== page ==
Via Financial Times

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Gilead Sciences has said it will charge governments $2,340 for a course of remdesivir, a drug that has been shown to shorten recovery times in Covid-19 patients. The US biotech company said government healthcare programmes in developed markets would be charged a flat fee of $390 per vial for the drug. A five-day treatment uses six vials. Private insurers in the US would be charged $520 per vial, bringing the cost for a typical patient to $3,120.

The US Federal Reserve has launched a facility to purchase newly issued debt from large companies, setting up the latest in a series of schemes designed to shore up financial markets during the coronavirus crisis. The move by the Fed comes despite the recovery in corporate credit markets from the stress they were experiencing in the early stages of the US pandemic, which means usage of the facility is expected to be limited.

US equities finished 1.5 per cent higher on Monday, with all sectors ending in the black. Industrials were the best performer, thanks primarily to a 14.4 per cent jump in Boeing’s share price after the aircraft manufacturer said it received approval from the federal aviation regulator to recommence testing flights of its grounded 737 Max aircraft this week.

Jefferies will spend more money buying back its shares after a 90 per cent surge in second-quarter trading revenues helped the investment bank to record profits for the quarter ended May 31. Chief executive Rich Handler said the company had achieved “remarkable results” despite a “challenging, volatile and sad environment” and the board had authorised buybacks of as much as $250m versus a prior authorisation to repurchase up to $177m.

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BP has agreed to sell its petrochemicals business to Ineos for $5bn as the UK energy major seeks to strengthen its balance sheet and become a more streamlined entity under its new chief executive. BP reported a 66 per cent drop in earnings and a rise in debt in the first quarter as crude demand and oil prices collapsed.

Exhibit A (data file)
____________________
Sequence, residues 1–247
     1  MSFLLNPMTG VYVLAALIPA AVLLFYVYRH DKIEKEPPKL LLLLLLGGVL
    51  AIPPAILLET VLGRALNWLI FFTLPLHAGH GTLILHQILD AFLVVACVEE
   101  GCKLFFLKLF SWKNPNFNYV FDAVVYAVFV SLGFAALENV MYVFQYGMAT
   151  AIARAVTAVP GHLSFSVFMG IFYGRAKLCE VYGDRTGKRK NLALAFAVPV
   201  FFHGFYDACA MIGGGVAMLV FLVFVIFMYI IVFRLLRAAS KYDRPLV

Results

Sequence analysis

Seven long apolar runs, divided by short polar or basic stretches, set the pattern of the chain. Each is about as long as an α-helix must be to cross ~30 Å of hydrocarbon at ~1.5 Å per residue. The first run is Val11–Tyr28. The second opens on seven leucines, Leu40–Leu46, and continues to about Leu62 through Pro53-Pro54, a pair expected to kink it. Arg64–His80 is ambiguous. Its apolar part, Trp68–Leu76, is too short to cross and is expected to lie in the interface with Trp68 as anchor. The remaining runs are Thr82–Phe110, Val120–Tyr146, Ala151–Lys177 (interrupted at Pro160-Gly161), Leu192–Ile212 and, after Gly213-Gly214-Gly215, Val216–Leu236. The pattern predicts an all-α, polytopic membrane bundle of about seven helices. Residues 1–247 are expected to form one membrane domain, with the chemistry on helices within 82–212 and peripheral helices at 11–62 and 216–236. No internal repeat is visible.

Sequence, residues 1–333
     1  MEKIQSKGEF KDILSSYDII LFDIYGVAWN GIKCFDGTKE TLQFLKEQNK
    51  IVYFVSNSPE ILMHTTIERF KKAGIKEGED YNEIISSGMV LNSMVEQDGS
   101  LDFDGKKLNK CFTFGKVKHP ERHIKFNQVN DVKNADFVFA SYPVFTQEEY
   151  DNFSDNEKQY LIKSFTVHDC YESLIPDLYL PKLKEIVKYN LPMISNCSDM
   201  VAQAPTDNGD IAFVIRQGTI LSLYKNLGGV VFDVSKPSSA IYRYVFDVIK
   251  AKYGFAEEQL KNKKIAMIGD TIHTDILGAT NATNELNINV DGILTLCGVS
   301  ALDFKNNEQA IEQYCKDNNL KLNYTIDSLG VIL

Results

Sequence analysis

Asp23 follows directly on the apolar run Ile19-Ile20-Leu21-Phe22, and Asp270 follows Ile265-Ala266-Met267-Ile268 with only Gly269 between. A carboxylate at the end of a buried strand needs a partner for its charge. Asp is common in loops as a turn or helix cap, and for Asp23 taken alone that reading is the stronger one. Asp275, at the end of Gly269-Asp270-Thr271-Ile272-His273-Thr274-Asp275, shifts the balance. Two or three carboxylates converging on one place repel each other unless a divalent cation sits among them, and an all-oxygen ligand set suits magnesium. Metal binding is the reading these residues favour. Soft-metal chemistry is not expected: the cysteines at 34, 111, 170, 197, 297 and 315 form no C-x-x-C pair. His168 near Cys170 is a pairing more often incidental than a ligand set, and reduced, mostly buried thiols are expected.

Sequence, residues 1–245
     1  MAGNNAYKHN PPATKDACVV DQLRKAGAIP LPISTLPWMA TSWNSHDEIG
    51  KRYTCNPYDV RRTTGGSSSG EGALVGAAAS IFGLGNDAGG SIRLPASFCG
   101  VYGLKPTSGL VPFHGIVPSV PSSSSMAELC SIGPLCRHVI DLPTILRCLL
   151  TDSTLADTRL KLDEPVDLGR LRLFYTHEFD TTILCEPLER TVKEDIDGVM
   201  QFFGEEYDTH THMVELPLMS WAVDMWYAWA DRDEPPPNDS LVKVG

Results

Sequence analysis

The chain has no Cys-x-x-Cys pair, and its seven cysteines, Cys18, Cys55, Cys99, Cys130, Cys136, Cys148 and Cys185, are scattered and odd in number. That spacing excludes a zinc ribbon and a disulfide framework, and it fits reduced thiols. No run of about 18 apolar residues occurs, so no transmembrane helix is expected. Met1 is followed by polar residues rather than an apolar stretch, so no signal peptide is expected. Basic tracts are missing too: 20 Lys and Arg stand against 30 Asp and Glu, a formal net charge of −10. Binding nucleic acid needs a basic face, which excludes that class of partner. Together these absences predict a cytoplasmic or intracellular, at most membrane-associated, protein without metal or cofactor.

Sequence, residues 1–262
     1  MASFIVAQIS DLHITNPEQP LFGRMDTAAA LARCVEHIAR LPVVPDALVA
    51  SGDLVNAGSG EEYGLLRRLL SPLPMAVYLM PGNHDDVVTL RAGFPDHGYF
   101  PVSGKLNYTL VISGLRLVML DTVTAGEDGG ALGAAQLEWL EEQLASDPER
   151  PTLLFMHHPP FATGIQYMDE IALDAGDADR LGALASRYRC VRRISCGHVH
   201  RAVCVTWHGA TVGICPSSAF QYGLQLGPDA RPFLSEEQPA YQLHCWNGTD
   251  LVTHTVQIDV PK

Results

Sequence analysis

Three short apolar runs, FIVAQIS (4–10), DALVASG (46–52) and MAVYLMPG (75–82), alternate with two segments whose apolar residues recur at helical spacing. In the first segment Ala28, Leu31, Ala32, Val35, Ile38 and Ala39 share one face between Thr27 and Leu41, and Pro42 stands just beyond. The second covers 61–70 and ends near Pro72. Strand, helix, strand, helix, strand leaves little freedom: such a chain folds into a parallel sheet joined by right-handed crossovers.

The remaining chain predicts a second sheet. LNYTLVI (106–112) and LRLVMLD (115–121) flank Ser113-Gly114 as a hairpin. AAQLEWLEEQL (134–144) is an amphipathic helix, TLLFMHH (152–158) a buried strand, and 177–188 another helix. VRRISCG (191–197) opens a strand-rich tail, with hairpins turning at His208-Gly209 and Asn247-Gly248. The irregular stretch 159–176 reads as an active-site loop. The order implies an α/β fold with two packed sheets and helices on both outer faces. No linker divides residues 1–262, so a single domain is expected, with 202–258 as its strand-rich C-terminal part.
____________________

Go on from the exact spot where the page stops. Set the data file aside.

British casual dining business The Restaurant Group has won creditor approval to significantly reduce its operations. The company said 82 per cent of its creditors voted for the restructuring, exceeding the 75 per cent hurdle for such company voluntary arrangements to succeed. The group said this month that it planned to shut 125 of its underperforming restaurants, in a move that mostly affected the Frankie & Benny’s chain.

European business and consumer confidence has rebounded for the second consecutive month in June, but remains well below pre-pandemic lows, according to the European Commission’s monthly survey. The economic sentiment indicator rose by 8.1 points to 74.8 in June, the highest monthly increase since the poll started in 1961, in a survey of about 135,000 companies and 32,000 consumers.

Singapore has started distributing a wearable device to expand digital contact tracing after an insufficient number of users downloaded an app. The city state is handing out the first batch of devices to “the most vulnerable seniors who are currently not digitally connected and at higher risk from Covid-19”, according to a government statement. SIngapore hopes it will help avoid further outbreaks after gradually lifting lockdown measures.

India’s capital is setting up a bank to collect donations of plasma from recovered coronavirus patients, after a small trial yielded encouraging results. Arvind Kejriwal, chief minister of the Delhi capital territory, appealed to virus survivors to donate. “It’s rare that you get to save lives,” he said. Mr Kejriwal said the plasma bank, which all hospitals in the city will be able to access, would be operational within two days.

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